The 20th Battalion of the Machine Gun Corps was formed in March 1918 and fought at the Battle of St. Quentin and suffered heavy casualties at the Battle of Rosieres. In April the troops were withdrawn while they waited for new drafts. However, by this time, Reginald had clearly suffered fatal wounds and died on 8 May. He is buried in the Communal Cemetery of Avesnes-Sur-Helpe.
Full details about Lieutenant Dell at https://tinyurl.com/y2cxyano

107 Fawnbrake Avenue ~ Rifleman Herbert Walter Irons, died 12 February 1917

Herbert Walter Irons was born in Camberwell 1884 to William, a clerk, and Louisa. He was the eldest of their four children. The family lived at various addresses in Peckham but at some point they moved to 107 Fawnbrake Avenue.
Herbert enlisted as a rifleman with the London Regiment, 1/21st Country of London (First Surrey Rifles) but contracted nephritis (inflammation of the kidneys) whilst on active service in Belgium and he died on 12 February 1917 at the age of 33 years old. He is buried in Lijssenthoek Military Cemetery, in the West Flanders region.
Full details about Rifleman Irons at https://tinyurl.com/y6kwwntq

114 Fawnbrake Avenue ~ Driver Harry Cruse died 27 October 1918

Harry Leonard Cruse was born in Camberwell in April 1896. In 1901 the Cruse family was living at 90 Denmark Road, Camberwell but by 1911 the family had moved to 114 Fawnbrake Avenue. Harry, an only child, was a pupil at Alleyn’s School, which he left in 1912.
During the war Harry Cruse served in the Honourable Artillery Company as a driver. His unit saw active service at Aden and in the Sinai and Palestine Campaign from 1915 onwards.
Harry contracted malaria and died on 27 October 1918. He is remembered at the Damascus Memorial in Syria.
Full details about Driver Harry Cruse at https://tinyurl.com/y4owvh5n

129 Fawnbrake Avenue ~ Private Thomas Evans, died 16 September 1916

He was 30 years old when he was called up on 10 December 1915, joining the 23rd (County of London) Battalion of The London Regiment.
The second son and youngest child of Thomas (a King’s Messenger) and Ellen Augusta Evans, he and his older brother and two older sisters were all born near Morecambe Bay in Lancashire. An Architect’s Assistant, he married Eleanor Barber at St Leonard’s, Streatham, on 27 May 1916 and was listed as living at his parents’ house, 129 Fawnbrake Avenue. But with his battalion he was soon posted to France, and was killed in action on 16 September 1916 – one of many thousands killed in the heavy fighting during the Battles of the Somme in Summer/Autumn 1916.
His grave lies in the Warlencourt British Cemetery, near Bapaume in Northern France (Pas de Calais).
Private Thomas Evans’s details have not yet been entered on the database.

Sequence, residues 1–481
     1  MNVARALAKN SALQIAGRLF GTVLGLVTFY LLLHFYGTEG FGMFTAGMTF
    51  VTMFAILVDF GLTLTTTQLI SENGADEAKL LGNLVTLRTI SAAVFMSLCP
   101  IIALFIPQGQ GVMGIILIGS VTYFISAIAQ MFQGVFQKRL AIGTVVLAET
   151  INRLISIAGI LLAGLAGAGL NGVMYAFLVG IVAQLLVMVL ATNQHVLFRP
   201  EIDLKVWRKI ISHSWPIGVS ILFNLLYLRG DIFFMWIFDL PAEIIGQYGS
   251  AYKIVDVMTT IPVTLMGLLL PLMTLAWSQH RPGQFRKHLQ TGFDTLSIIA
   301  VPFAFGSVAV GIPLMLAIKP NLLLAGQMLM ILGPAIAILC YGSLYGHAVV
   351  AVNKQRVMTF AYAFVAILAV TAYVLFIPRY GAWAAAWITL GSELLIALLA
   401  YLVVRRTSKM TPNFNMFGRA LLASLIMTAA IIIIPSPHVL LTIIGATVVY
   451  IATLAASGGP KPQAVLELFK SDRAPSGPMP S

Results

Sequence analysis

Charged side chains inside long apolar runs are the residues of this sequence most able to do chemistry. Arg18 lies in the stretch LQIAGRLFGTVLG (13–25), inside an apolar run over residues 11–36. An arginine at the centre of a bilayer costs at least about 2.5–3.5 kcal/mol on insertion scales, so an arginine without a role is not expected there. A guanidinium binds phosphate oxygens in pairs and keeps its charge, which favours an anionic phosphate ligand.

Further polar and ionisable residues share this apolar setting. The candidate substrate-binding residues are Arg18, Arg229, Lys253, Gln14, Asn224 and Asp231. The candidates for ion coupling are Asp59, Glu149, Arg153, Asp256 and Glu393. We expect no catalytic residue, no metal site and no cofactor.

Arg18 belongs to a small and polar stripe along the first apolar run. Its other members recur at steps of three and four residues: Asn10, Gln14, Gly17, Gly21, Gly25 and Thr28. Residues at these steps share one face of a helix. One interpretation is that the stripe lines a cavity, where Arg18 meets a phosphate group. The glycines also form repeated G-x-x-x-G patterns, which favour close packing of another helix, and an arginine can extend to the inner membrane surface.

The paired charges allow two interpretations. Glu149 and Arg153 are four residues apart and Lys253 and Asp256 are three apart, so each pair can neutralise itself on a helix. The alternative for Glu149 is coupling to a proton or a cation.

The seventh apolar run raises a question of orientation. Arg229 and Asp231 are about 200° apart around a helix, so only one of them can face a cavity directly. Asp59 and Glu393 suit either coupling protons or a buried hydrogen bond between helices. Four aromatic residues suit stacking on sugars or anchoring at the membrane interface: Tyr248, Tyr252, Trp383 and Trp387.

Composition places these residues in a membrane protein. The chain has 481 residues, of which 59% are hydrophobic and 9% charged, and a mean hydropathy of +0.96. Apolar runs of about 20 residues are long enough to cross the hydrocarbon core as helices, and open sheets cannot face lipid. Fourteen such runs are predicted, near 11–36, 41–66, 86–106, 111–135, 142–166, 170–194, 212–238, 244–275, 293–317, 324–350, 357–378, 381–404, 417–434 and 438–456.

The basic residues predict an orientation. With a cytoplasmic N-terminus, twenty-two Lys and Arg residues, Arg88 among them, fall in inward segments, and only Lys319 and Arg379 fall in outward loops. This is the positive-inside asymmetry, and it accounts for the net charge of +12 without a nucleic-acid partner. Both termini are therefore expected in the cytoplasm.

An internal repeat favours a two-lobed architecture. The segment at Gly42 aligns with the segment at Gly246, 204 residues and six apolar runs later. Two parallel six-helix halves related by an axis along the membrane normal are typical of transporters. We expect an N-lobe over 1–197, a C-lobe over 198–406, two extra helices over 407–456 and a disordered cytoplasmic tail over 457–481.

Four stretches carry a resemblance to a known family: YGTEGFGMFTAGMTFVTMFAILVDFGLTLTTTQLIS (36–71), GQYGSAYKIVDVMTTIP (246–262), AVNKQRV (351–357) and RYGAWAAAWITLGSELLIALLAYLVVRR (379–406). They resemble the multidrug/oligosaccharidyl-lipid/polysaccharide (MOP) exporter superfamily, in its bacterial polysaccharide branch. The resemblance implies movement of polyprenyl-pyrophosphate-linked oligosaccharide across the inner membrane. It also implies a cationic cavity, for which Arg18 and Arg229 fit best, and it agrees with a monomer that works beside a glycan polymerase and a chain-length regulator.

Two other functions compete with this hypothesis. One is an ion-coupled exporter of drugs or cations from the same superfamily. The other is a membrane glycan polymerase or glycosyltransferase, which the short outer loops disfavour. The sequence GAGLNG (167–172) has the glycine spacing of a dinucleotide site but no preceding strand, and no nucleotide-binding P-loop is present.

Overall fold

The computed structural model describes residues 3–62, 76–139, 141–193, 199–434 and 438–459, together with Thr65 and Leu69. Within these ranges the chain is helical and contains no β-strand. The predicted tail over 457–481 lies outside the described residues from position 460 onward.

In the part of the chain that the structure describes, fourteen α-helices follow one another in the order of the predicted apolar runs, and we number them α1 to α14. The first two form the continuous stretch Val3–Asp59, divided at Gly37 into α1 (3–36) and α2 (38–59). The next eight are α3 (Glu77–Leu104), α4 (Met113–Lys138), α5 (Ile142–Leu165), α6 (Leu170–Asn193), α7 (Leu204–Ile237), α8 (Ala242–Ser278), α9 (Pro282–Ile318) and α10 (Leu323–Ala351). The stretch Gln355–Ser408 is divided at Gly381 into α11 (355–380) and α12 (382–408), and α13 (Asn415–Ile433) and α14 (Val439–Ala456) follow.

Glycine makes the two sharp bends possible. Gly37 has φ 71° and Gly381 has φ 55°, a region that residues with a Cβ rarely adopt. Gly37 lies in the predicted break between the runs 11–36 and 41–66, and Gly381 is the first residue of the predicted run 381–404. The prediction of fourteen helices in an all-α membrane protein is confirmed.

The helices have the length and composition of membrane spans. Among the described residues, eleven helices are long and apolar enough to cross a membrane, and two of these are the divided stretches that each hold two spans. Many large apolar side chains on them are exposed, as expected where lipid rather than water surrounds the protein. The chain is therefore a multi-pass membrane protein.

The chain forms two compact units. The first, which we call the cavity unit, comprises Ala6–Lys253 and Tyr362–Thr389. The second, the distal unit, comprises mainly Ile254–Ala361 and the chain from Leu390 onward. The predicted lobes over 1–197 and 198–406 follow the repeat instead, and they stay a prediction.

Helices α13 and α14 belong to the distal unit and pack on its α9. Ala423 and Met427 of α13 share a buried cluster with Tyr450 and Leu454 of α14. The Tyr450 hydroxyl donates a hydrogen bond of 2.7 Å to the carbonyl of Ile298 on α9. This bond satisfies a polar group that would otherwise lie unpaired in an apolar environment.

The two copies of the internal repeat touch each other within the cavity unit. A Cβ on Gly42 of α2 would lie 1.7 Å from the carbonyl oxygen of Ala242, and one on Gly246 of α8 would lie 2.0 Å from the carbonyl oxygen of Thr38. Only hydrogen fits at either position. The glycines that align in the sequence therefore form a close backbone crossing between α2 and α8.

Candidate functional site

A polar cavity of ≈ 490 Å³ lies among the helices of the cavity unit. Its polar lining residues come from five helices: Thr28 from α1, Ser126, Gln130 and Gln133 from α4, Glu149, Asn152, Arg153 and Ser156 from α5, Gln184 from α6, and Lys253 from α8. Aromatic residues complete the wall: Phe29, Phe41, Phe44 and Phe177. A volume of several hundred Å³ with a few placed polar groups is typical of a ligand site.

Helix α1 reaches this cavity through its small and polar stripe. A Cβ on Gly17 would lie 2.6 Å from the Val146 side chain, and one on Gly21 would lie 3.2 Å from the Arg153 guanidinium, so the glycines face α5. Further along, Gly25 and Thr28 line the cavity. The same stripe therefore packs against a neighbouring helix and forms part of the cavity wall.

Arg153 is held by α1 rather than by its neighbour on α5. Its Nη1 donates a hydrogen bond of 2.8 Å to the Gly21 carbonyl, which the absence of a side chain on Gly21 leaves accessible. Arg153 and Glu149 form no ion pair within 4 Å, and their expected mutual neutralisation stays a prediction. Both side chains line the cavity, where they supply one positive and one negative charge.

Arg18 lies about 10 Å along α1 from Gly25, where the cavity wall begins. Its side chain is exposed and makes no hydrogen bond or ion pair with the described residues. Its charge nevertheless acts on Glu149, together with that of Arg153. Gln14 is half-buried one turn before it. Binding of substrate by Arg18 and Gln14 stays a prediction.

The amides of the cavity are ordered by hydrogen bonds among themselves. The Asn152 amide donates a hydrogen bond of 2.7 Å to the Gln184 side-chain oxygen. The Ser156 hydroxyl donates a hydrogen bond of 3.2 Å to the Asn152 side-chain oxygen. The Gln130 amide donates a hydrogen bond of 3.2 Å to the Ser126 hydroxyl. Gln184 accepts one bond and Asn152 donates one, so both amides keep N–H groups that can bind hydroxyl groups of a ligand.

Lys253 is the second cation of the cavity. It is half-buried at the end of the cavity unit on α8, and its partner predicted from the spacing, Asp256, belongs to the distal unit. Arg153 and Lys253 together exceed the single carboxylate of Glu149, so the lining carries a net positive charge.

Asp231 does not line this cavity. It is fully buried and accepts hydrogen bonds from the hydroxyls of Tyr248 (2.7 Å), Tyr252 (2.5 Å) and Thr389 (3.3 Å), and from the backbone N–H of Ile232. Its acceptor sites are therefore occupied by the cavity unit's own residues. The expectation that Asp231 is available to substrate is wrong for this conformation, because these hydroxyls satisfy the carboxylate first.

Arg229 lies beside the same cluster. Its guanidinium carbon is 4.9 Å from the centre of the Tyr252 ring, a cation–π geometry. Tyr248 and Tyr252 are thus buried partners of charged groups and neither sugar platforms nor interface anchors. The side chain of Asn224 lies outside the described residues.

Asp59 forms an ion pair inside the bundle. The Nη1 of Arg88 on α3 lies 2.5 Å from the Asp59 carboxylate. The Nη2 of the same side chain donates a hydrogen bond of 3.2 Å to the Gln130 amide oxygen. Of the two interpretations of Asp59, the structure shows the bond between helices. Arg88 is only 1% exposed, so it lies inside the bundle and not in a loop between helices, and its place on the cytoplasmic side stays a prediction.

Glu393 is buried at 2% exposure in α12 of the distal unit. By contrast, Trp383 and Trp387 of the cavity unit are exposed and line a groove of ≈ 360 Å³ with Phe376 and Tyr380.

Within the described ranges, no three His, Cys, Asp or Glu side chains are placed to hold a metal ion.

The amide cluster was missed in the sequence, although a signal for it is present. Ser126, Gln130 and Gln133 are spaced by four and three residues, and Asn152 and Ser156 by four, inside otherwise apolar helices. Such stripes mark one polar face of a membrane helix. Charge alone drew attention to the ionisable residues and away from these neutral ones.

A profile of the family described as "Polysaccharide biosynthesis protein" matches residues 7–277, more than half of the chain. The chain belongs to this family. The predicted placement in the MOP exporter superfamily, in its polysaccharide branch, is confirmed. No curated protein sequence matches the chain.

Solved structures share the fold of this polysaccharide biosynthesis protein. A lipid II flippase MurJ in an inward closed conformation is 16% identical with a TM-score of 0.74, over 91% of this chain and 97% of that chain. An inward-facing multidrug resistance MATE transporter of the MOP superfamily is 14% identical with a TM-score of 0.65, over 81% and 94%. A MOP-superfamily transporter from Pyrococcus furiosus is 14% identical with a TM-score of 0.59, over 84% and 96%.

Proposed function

Two hundred life-size silhouettes of First World War soldiers and 75 poppy wreaths by the Witney artist Dan Barton stand at Blenheim Palace in Oxfordshire to mark Remembrance Day
Photo by Geraint Lewis, for The Times

Discover the lost mansions of Denmark Hill this Saturday

Lambeth Heritage Festival continues and on Saturday 19 September at 19:00 we can Zoom in for a new talk about Denmark Hill.

Denmark Hill c.1906

Many from London’s well-to-do merchant class began to leave town at the end of the 18th century and make their home in what were then the rural outskirts.

Denmark Hill was an especially favoured location. In this talk and virtual walk, Ian McInnes (Chair of the Dulwich Society) and Laurence Marsh (Fawnbrake neighbour and Vice-chair of the Herne Hill Society) look at the houses, now long gone, that were built on the Lambeth (i.e. north) side of the road – and the varied stories of some of their residents over 150 years.

This Herne Hill Society online-only event is hosted by Lambeth Archives.

So to sign in, follow this link:

Lambeth Heritage Festival 2020: week 3

to the relevant section of the Lambeth Heritage Festival website and scroll down to the Denmark Hill event. Then you can click on the book here link on the web page.

You will receive an email by return and, before the event, an email invitation with a web link to join the talk by Zoom. There is no charge.

Local History talks continue

The highly committed and creative team at Lambeth Archives have more lock-down talks to offer : their repertoire is not exhausted yet.

The July and August programme (above)  includes a talk about life in Lambeth during the War, a virtual history walk from Vauxhall to Camberwell, an account of the bitterly contested campaign of the 1880s  to create those free libraries in Lambeth  that we now all take for granted, and a look at the growth of the borough’s southern suburbs.

Log in details for talks will be sent out two days ahead.

Although they have not run out of topics to talk about, they are slightly changing the way they deliver them. After next week’s talk, Home Front, Lambeth in World War II, the programme will become fortnightly and will always be on a Thursday evening at 6.45 pm.